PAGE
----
This is not necessarily a glamorous photograph that I would share with the world for likes and compliments. This was taken just a few days ago by Ryan to test out the picture taking ability of his new iPhone, a phone that he purchased with entirely his own money. This was taken in a moment of happiness when I was with my family in a fall afternoon.
He took photos of me as we sat on opposite sides of each other in our favorite Indian restaurant. He put different filters on the photos, laughed at most of them as I looked ridiculous. But he shared this one with me. Unfiltered.
The “me” in this photo is almost the “me” before my parents died. This “me” is the one who almost always had an inner joy. Even on the darkest day, this “me” could talk myself out of despair. The current me is “walking a narrow path through the loss………taking sips of sorrow…..” as Julia Alvarez says in her beautiful novel Afterlife. One day, I want to be back where, once upon a time, the previous “me” used to be. I have embarked on the journey, the path is narrow and I am trying (and failing sometimes) to not fall off the edge. One day I plan to arrive.
As a library worker for last ten years, I have come across strange things in either the shelves or in our book drop boxes. A coworker kept a tally of strange things that got returned with books and DVDs. Gross things like dental floss, used tissues, important things like checks, naturalization certificate, sentimental things like handwritten cards, letters – all used as book marks. One of the strangest things that I recall was a single men’s sandal that came in through our book drop.
While shelving, we collect empty water bottles or soda cans that folks leave behind in the stacks. A few days ago, while shelving in the finance section, I found a page torn off a notebook with a poem written on it. From the handwriting and content I assume it was written by a young child. I picked it up to recycle it. Then I kept it. I wondered if the person/child who wrote the poem would come back for it.
The poem was about having fun in Neverland. Although we may age in years, we should nurture our inner child and never let the innocence die. There is the threat of Captain Hook, sure, but we should remember it is Neverland – full of fun.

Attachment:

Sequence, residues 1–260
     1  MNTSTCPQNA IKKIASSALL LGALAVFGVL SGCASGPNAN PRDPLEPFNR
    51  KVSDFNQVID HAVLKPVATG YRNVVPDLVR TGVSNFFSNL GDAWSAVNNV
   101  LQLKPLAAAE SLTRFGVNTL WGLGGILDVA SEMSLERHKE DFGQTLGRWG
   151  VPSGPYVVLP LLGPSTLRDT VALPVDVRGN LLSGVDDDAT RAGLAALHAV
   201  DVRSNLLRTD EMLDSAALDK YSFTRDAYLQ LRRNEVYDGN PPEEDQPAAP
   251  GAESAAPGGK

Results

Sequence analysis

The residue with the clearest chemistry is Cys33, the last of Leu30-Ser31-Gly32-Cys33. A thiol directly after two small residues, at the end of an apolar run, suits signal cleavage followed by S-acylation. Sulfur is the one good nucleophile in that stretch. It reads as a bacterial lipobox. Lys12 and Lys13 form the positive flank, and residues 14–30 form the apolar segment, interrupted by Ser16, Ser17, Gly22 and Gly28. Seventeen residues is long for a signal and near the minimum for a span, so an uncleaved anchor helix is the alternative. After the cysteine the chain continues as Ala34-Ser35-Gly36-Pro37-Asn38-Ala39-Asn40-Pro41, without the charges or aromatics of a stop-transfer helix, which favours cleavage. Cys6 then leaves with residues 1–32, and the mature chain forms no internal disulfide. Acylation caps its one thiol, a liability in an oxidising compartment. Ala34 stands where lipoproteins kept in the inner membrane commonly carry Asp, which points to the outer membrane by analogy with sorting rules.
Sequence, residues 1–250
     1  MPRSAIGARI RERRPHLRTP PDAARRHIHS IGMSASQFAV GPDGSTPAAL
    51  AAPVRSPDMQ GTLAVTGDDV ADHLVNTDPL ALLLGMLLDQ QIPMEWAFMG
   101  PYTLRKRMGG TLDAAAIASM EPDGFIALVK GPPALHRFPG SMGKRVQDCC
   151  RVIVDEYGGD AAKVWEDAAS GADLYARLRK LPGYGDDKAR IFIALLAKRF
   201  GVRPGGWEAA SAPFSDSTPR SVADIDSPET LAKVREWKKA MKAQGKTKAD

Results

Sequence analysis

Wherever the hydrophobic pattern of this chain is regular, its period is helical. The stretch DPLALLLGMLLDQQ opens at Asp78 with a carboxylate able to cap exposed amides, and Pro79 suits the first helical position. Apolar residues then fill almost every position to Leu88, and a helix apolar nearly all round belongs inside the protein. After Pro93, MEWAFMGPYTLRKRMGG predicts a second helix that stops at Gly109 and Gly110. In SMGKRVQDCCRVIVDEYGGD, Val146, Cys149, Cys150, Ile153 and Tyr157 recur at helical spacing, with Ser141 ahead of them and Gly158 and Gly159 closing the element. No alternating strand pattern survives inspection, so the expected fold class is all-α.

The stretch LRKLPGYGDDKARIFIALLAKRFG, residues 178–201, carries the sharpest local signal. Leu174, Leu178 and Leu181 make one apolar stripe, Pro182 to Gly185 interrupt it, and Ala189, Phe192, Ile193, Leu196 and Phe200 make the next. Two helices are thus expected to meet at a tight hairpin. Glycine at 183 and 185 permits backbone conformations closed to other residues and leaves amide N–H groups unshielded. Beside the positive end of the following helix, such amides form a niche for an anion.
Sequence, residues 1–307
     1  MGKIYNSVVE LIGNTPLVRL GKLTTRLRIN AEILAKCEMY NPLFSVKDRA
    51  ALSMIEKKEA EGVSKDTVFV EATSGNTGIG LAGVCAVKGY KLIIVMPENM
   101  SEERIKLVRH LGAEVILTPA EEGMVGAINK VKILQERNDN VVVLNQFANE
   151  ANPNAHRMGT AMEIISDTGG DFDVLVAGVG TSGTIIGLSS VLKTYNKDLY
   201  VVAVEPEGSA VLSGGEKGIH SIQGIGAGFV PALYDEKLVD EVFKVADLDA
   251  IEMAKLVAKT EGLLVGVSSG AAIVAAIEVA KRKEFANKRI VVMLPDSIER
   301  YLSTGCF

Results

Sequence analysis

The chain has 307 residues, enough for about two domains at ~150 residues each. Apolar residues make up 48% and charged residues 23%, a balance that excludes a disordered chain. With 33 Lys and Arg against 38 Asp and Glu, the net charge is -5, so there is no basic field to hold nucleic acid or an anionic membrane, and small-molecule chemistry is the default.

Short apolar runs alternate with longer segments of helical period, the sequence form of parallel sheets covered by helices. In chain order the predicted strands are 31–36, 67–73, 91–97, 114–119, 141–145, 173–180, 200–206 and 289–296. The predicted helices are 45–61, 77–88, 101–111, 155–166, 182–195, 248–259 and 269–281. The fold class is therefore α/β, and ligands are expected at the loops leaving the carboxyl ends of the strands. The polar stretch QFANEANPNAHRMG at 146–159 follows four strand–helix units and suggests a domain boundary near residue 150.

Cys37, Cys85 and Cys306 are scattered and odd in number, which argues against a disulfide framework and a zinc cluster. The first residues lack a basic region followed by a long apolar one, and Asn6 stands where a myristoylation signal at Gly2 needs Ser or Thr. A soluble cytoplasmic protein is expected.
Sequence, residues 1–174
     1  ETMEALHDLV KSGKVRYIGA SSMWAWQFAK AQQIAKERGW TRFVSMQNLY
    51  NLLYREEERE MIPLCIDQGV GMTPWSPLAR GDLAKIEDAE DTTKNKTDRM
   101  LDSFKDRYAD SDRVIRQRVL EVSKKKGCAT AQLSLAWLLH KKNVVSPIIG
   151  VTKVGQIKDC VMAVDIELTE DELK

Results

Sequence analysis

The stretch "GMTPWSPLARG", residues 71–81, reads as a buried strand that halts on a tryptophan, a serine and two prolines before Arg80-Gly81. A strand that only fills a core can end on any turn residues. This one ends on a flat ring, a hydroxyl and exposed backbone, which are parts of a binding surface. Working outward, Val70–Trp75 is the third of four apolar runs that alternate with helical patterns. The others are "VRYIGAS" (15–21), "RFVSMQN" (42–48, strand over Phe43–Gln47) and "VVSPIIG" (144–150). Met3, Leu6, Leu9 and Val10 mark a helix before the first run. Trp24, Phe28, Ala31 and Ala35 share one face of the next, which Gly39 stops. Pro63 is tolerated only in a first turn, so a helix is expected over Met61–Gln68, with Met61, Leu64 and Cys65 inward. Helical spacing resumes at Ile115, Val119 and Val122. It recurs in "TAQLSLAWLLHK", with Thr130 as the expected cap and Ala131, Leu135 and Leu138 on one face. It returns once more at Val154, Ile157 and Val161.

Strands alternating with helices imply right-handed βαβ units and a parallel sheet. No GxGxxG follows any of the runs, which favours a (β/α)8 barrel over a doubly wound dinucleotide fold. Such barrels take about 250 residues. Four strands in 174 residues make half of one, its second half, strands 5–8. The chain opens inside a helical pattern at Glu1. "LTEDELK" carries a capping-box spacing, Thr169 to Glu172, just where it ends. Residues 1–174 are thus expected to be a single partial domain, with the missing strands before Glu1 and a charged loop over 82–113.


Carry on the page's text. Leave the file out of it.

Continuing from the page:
Every time I went upstairs for my shift, I checked to see if the page was still there at the kiosk. I took a photo of it for memories. Not for the artistic value of the poem but for the fact a child (most likely) wrote this and left it in the stacks, in finance section no less. A work of art in a section devoted to money seemed lovely.
Today, the poem was gone. I doubt the poet came back for it. Most likely one of my coworkers cleaned up the area and recycled the page. But for the days it stayed at the kiosk, it gave me joy. Simple thing, simple pleasure.
About a week ago I told Sahana I want to get back to writing blogs again. Blogs that not necessarily document my grief journey, but something different, something happy perhaps. She gave me some suggestions and left me with ideas to mull over. My dear aunt was in the hospital though, fighting Covid in India. I got updates everyday and tried to focus on the positives that I heard – the thrust of oxygen that she was receiving was reduced, her O2 saturation was maintaining at 96/97 with oxygen support. She was weak but her vitals were strong. I talked to my cousin every morning and said to her what people said to me six months ago “Hold on to the positives. She will fight it off. After all, she has had both her vaccinations. She has protection.”
She was put on ventilator on November 13th (my time) and died within 4 hours. Her presence is so large and so joyful in my entire childhood that whenever I think of her I can see her bright, wide smile and hear her hahaha laughter. She was great friends with ma. They had similar jovial, vivacious personality. And she had the kindest face. When Sean met her for the first time when he came to meet my family, he said, “If I entered a room filled with strangers, I would go to her first. Her face exudes kindness.”
There are many, many happy memories of this woman who lived her life with joy (for the most part) and left the world without long term sickness or pain. I am spending sleepless nights again and waking with the memories of all those who we have lost this year – 5 so far in my family alone. It gives me comfort, in a weird way, to think that my big, fat Bengali family is continuing to party hard somewhere. Yes, a raucous, loud, full of laughter party. My aunt has joined them now. My mother loved her. I hope she is happy and safe to be up there (or who knows where) with them.
I miss writing blogs about silly things – about my kids or my everyday observations or memories of India. I hope to find topics other than loss and sorrow – soon. I hope and pray to the universe to stop this procession of death in my family. We have lost enough. The world has lost enough.